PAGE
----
In the drawings:

FIG. 1 is a fragmentary view in cross section illustrating the target material of the present invention;

FIG. 2 is a fragmentary view similar to FIG. 1 showing a bullet passing through the target material;

FIG. 3 is a front view in elevation of a target and a cross-shaped base both composed of the target material shown in FIG. 1 illustrating one form of a free standing target assembly;

FIG. 4 is an exploded view of the target assembly of FIG. 3 showing the manner of assembling the target and base;

FIG. 5 is a rear view in elevation of the target assembly shown in FIG. 3;

FIG. 6 is a top view of the target assembly shown in FIG. 3;

FIG. 7 is a top view similar to FIG. 6 except showing the position of the target reversed from that of FIG. 6;

FIG. 8 is a front view in elevation showing another form of a free standing target assembly;

FIG. 9 is a side view in elevation of a target silhouette and platform constituting another form of a target assembly;

FIG. 10 is an exploded view showing the manner of assembling the silhouette and platform shown in FIG. 6; and

FIG. 11 is a perspective view with parts broken away of a target and upstanding frame structure constituting another form of a target assembly.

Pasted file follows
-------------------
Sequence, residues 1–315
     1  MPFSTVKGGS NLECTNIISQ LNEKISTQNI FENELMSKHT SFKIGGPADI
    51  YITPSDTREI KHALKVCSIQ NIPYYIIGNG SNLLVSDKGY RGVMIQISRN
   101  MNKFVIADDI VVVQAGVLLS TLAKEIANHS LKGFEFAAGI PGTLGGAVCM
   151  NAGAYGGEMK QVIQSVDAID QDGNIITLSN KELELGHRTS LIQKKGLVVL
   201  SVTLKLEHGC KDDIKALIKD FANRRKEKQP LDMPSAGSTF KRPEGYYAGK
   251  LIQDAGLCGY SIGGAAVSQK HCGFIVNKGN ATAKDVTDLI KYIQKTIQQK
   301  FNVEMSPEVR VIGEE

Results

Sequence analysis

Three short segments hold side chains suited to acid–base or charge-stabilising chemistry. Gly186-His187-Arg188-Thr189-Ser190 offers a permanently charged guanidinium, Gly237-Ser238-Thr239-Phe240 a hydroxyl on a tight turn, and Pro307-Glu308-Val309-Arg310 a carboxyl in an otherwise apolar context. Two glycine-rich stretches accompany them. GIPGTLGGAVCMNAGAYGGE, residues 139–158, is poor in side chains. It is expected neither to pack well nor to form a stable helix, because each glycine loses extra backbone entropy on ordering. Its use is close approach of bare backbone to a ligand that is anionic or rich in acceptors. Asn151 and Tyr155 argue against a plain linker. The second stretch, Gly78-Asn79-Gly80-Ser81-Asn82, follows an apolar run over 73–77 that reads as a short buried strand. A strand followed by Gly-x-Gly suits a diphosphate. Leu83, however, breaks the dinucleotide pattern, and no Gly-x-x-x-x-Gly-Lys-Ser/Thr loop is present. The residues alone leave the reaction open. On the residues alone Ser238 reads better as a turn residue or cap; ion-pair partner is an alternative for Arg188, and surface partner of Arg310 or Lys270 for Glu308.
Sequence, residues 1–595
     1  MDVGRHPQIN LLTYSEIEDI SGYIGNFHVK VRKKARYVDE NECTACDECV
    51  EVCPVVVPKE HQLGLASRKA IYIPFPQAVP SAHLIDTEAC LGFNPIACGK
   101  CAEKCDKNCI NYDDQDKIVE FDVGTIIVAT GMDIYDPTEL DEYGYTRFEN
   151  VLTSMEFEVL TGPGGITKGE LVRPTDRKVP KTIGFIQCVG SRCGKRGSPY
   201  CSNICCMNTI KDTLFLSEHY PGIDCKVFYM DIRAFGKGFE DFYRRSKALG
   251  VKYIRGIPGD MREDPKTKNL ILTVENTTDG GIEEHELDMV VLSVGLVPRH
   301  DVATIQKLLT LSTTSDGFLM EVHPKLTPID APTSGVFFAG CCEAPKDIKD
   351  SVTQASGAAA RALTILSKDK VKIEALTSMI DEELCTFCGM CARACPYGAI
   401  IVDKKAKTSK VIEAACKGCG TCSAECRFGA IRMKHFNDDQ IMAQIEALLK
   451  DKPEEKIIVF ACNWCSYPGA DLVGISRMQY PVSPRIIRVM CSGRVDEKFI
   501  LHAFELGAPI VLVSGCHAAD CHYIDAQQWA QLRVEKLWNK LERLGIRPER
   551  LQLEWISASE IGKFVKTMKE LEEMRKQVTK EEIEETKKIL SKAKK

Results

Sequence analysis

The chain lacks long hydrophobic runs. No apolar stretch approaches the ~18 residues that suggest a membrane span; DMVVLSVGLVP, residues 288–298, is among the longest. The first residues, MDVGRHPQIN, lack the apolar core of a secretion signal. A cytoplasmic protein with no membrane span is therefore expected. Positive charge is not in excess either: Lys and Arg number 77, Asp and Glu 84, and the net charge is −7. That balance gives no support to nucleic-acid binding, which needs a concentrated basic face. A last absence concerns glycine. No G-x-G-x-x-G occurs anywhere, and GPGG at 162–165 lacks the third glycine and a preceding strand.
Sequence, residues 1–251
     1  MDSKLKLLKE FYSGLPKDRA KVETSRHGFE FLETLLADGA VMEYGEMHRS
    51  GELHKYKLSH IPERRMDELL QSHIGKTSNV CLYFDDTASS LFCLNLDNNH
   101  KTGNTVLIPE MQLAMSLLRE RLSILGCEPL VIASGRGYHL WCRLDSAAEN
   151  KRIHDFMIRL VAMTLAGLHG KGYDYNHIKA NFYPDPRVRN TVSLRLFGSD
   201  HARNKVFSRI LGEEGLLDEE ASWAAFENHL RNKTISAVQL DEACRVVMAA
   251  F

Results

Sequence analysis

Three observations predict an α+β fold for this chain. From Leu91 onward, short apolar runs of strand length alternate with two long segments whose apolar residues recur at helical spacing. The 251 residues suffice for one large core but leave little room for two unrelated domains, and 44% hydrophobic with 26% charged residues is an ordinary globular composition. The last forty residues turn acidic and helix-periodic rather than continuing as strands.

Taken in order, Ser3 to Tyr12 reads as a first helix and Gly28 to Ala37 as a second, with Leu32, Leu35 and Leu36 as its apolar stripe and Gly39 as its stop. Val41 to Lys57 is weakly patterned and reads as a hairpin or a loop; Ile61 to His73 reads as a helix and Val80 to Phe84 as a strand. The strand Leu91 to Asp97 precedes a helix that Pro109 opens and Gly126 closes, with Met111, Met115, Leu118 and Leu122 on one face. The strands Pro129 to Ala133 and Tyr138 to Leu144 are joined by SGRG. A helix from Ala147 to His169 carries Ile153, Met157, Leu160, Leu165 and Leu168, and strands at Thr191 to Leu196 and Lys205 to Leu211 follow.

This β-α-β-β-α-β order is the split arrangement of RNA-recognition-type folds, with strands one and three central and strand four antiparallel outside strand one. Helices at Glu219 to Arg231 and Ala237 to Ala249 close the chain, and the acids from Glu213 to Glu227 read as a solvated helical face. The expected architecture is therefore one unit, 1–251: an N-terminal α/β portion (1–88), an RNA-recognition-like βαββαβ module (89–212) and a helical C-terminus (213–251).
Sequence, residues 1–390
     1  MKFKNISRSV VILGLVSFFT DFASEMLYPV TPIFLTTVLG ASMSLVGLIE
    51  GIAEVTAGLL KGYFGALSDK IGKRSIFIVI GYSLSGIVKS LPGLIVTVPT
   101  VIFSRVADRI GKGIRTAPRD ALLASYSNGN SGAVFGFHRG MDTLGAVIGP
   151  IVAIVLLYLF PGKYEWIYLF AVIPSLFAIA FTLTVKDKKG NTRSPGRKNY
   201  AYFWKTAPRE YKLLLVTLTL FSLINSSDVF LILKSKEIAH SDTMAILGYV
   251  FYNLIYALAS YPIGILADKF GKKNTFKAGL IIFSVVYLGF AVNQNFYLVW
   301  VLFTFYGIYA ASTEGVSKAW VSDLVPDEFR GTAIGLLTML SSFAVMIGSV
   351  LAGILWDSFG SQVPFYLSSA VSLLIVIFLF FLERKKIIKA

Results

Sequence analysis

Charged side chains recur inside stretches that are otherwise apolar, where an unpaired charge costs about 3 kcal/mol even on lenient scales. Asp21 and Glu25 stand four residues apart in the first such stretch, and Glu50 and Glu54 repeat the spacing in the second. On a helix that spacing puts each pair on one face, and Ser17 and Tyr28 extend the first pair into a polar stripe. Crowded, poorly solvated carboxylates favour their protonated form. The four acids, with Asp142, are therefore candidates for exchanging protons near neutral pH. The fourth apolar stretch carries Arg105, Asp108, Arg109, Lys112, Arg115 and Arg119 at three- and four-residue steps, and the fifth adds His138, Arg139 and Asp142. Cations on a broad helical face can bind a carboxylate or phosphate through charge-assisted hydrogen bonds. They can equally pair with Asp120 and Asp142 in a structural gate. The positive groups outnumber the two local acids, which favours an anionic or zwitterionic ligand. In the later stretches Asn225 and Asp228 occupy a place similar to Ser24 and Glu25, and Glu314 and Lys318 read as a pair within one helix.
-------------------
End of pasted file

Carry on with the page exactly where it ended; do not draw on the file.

DESCRIPTION OF THE PREFERRED EMBODIMENT

A target member 3 includes a multiplicity of superimposed, substantially coplanar plies 1 of paper material, and a multiplicity of layers 2 of adhesive material interposed between each ply 1. The adhesive layers 2 bond the plies 1 together into a rigid laminate target construction as illustrated in FIG. 1 to form the member 3.

The target member 3 is preferably manufactured by convolutely winding a continuous web of paper material into a multi-ply tubular structure. The tubular structure is constructed by winding a web of paper or paperboard continuously about a rotating mandrel until the desired number of convolutions is built up to form the desired wall thickness for the tube. Generally, the wall thickness ranges from about 0.50 to about 0.75 inches. The web of the paper material is fed to the mandrel in a direction such that the plane of the web is substantially perpendicular to the axis of the mandrel. As the paper web advances towards the mandrel, an adhesive is applied thereto. At the same time, the paper web is subjected to lengthwise tension and to thicknesswise compression so that the plies of paper are bonded together into the rigid laminate construction 3. Once the desired wall thickness is reached, the tubular structure is removed from the mandrel and cut into the desired target shapes.

The mandrel referred to above may be rectangular in cross section so that the tubular structure has opposed pairs of substantially parallel sides intervened by curved or rounded corners, or may be circular, eliptical, oblong, etc. in cross section so that components cut from the tubular structure may be preformed with various desired curvatures and shapes.

In the past, such convolutely wound tubular structures have been used as forms for concrete columns as well as in the manufacture of various furniture parts such as chair backs and seats as shown in Weller, U.S. Pat. No. 3,371,963.